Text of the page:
Business enterprises thriving in a complex world of uncertainty show bold disruption and continuous innovation through resilience and reinvention. The rapid pace of technology challenges enterprises in decisions about products, services, systems, development approaches and what steps to take to stay current. Organisations that will survive will be those who embrace change and have the willingness and enthusiasm to adapt.
These companies are the ones seeking new skills, learning new trades and acquiring new knowledge about the latest technologies. These organisations are providing adaptable and actionable learning plans with a visual timeline of priorities and tasks. Learning is accessible to all employees, with engaging and responsive mobile design for convenient use on-the-go or from remote locations, whether online or offline.
Digital transformation affects an organisation’s ability to attract top talent and drive employee engagement. After all, top digital talent is attracted to where they can experience a sense of fulfilment from the work.
In an era of exponential change, traditional organisational structure will not be very effective. The need is to have adaptive structures. Moreover, technology is changing so rapidly, that adaptability has to keep pace with technology.
Disruption isn’t new, but the speed, complexity and global nature of disruption is at a scale we’ve never seen before. Digitisation is also expanding the competitive marketplace to a global level, where even small businesses and employees compete digitally across borders.
The prediction of employee success is focused on the adaptability quotient (AQ). Fast Company believes its ‘adaptability quotient’ (AQ) will become the primary predictor of success, with general intelligence (IQ) and emotional intelligence (EQ) both being less important. Why? The average life of business competency has dropped from 30 years to five and is reducing still.
Only 60 companies remain on the Fortune 500 since 1966. In 1965, the average tenure of companies on the S&P 500 was 33 years. By 1990, it was 20 years. It’s expected to shrink to 14 years by 2026. About 50 per cent of the S&P 500 will be replaced over the next 10 years.
Also, we don’t really know what the new roles are going to be. A report by the McKinsey Global Institute found that technology can eliminate large swaths of the US workforce in the coming decade. It noted that by 2030, up to 14 per cent of the global workforce (375 million workers) may need to switch occupations or digitally adapt as their occupations evolve along the increasingly capable machines, says the report.
At the same time, employee skills are becoming outdated faster than ever before. According to the World Economic Forum, 35 per cent of the skills that employees will require to do their jobs—regardless of industry—will have changed by 2020.
An example of digital adaptability is the widespread use of chatbots. Organisations are now considering how chatbots’ unique functionalities can transform communication, internally for enhancing employee engagement or externally with new and returning customers. Chatbots are being increasingly adopted across industries, granting marketers unprecedented, personalised access to consumers. While older generations may opt for minimal input, preferring multiple choice and voice-driven options, younger consumers crave geotargeted recommendations, ongoing dialogue and a sense of immediacy.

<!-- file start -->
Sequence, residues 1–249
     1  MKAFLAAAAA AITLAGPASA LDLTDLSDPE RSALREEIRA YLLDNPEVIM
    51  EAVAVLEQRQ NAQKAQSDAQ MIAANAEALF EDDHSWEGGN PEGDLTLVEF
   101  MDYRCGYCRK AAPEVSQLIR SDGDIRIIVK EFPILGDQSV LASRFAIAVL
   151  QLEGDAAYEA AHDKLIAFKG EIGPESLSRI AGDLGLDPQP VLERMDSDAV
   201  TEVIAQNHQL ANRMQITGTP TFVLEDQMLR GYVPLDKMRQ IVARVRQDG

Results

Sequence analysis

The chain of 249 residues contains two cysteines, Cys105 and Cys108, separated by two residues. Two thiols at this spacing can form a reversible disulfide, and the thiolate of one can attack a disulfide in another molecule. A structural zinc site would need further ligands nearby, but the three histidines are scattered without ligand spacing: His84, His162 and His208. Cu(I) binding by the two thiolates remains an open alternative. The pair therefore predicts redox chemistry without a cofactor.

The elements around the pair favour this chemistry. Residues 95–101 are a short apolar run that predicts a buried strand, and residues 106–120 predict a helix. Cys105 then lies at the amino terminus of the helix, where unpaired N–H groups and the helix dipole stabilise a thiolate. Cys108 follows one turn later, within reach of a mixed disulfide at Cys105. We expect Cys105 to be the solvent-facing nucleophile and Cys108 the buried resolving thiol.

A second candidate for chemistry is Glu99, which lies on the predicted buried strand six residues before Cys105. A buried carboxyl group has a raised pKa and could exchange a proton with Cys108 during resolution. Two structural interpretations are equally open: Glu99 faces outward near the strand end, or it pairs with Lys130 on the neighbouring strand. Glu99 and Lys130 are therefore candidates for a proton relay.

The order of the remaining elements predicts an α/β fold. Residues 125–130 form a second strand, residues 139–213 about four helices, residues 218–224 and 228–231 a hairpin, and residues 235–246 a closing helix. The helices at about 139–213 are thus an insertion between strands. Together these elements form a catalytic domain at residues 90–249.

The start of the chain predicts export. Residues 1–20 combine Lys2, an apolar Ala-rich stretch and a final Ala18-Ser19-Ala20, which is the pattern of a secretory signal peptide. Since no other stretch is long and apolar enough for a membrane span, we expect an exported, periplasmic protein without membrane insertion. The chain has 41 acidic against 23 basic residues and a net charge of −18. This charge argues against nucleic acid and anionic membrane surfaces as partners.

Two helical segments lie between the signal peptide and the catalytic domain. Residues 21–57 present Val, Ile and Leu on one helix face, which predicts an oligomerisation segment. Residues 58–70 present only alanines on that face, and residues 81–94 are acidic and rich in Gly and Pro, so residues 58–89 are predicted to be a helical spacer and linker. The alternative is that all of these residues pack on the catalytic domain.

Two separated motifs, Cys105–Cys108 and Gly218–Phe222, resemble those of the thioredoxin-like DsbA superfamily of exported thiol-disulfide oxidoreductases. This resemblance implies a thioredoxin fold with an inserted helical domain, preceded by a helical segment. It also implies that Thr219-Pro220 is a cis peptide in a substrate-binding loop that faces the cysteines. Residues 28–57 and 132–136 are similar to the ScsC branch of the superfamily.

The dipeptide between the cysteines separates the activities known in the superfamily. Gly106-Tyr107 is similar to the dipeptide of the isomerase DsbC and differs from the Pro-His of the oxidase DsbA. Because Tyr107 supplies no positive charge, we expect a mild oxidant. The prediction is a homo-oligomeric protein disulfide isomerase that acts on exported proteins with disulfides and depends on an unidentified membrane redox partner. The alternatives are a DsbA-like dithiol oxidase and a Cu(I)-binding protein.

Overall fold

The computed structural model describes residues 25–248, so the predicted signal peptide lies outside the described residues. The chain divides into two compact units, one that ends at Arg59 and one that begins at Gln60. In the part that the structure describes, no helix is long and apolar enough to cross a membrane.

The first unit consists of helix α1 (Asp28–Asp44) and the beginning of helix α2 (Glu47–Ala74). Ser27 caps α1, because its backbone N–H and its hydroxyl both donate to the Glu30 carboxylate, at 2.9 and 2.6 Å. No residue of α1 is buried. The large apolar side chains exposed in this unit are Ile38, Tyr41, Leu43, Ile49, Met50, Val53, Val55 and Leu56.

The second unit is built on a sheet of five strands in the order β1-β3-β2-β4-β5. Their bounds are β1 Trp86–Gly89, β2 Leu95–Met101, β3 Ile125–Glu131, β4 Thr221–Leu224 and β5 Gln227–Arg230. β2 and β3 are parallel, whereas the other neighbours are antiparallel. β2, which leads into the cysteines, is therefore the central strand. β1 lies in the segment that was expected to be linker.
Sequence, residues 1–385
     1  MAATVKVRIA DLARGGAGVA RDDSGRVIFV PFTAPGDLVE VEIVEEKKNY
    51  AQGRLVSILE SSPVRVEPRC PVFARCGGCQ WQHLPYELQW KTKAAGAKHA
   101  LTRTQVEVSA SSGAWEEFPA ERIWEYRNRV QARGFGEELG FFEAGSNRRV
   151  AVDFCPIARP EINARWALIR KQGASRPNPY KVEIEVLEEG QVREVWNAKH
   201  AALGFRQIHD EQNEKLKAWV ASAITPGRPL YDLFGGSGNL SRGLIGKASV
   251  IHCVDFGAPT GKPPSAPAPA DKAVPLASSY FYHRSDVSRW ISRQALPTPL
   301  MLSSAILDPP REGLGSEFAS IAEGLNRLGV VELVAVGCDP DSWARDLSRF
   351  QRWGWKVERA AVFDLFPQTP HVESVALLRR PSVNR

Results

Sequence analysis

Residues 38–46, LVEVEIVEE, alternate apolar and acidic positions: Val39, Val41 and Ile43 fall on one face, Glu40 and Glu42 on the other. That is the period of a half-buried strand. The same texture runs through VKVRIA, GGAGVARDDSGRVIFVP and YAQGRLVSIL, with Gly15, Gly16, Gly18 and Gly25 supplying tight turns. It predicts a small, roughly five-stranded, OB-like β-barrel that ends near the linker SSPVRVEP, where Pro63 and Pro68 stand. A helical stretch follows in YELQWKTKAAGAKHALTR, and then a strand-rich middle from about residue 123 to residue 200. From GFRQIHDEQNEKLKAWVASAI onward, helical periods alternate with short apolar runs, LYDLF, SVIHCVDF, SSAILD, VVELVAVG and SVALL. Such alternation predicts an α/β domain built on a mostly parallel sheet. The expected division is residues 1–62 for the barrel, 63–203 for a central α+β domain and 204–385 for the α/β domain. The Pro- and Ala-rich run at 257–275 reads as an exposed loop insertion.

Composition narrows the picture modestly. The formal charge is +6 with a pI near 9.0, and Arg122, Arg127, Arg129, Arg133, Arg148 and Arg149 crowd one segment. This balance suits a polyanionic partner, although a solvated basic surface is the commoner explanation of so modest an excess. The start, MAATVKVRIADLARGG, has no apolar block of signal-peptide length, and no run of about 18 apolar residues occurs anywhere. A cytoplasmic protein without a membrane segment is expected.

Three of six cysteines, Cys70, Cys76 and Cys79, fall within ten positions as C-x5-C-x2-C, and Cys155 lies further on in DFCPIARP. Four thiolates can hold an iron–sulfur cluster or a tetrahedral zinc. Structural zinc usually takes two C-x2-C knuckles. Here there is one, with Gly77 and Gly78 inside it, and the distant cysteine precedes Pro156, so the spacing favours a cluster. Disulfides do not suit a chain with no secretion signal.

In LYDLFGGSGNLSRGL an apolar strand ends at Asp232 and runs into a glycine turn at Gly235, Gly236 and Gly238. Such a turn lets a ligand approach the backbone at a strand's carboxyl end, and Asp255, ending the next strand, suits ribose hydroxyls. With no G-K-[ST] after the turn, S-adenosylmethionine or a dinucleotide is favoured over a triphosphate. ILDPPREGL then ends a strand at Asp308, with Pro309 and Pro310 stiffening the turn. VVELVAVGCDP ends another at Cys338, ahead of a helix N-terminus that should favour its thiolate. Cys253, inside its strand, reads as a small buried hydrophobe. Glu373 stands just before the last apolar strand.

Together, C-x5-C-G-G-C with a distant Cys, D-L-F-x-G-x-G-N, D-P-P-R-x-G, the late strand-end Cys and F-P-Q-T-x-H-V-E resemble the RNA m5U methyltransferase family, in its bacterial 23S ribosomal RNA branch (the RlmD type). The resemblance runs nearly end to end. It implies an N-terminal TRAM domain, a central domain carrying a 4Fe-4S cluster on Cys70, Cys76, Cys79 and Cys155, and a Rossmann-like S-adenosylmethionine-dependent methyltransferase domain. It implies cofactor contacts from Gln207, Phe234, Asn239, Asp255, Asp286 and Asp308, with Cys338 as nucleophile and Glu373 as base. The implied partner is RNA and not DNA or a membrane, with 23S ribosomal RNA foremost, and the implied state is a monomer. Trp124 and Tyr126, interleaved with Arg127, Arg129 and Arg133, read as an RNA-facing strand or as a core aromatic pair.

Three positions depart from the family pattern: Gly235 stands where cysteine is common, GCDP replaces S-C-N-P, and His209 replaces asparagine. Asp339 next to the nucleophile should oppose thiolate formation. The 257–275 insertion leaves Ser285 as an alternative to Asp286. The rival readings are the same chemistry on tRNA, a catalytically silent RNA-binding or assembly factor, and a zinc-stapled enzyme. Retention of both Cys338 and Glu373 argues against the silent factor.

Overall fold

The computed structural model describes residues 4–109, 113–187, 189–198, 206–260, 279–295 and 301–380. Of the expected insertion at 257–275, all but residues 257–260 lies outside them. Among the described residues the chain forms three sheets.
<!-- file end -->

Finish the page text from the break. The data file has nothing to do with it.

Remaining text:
Therefore, being able to hire and develop adaptable employees is key for companies to remain relevant.
“Continuous learning lies at the heart of thriving in the context of the Fourth Industrial Revolution,” says the World Economic Forum. “The skills required for most jobs are evolving rapidly, but our adult education and training systems are lagging behind.”
92 per cent of companies are attempting to build a digital culture, yet 86 per cent are uncertain of how to tackle the challenge. How can you develop a digitally-dexterous workforce? Watch this Webinar On Demand to know how you can accelerate transformation through the speed of learning.
By coaching and changing our mindsets, we are creating new workplace cultures that can adapt and thrive despite the speed of technological change around them. The five ‘mindsets’ we believe are necessary to foster in today’s workplaces include:
• A team/collaboration mindset: where the team is the primary organisational unit, as opposed to traditional work hierarchies
• A growth mindset: where the team is accustomed to constant upskilling
• A technology-adaptive mindset: encouraging people to continually work with technology/machines to get the most out of both
• Data-literacy mindset: whereby algorithms and data-driven decision-making becomes routine
• Critical thinking mindset: allowing people to cope as work becomes less routine
There is no blueprint for success, of course, but companies that fail to even make an attempt at transformation will not be in business much longer.